MicroRNAs (miRNAs) are excised from hairpin structures within primary miRNAs (pri-miRNAs). Most animal pri-miRNAs are processed by two cleavages, the first at a loop-distal site ∼11 nucleotides (nt) from the end of the hairpin and the second ∼22 nt beyond the first [1-3]. To identify RNA structural determinants of miRNA processing in plants, we analyzed the functional consequences of changing the secondary structure of the lower (loop-distal), middle (miRNA:miRNA*), and upper (loop-proximal) stems of the hairpin in two different pri-miRNAs. Closing bulges immediately below the loop-distal cleavage sites increased the accumulation of accurately cleaved precursor miRNAs but decreased the abundance of the mature miRNAs. A pri-miRNA variant with an unpaired lower stem was not processed, and variants with a perfectly paired middle or upper stem were processed normally. Bioinformatic analysis of pri-miRNA structures, together with physical mapping of initial cleavage sites and in vitro processing of pri-miRNA, reveals that the first, loop-distal cleavage is often at a distance of ∼15 nt from an unpaired region. Hence, a common determinant of the rate and location of the initial pri-miRNA cleavage is an imperfectly base-paired duplex of ∼15 nt between the miRNA:miRNA* duplex and either a less structured region of the lower stem or its end.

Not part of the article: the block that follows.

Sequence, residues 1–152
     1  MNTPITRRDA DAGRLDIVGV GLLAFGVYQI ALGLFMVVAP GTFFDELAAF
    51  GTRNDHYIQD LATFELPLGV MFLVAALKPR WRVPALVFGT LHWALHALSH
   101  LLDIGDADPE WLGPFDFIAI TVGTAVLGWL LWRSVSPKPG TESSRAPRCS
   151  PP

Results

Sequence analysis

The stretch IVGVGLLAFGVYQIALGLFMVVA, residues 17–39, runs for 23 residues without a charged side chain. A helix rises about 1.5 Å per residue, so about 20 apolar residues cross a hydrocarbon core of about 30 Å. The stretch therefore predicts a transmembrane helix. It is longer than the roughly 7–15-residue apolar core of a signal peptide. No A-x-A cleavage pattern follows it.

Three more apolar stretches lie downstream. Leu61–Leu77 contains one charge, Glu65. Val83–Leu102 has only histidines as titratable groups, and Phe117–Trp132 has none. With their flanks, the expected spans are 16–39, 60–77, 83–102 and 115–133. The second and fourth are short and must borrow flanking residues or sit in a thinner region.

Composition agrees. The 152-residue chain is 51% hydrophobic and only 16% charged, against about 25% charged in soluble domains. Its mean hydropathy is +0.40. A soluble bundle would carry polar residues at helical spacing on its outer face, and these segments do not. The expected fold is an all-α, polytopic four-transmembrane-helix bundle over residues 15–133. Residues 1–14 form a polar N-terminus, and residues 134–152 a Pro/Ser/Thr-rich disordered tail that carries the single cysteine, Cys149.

All Science Journal Classification (ASJC) codes
- Biochemistry, Genetics and Molecular Biology(all)
- Agricultural and Biological Sciences(all)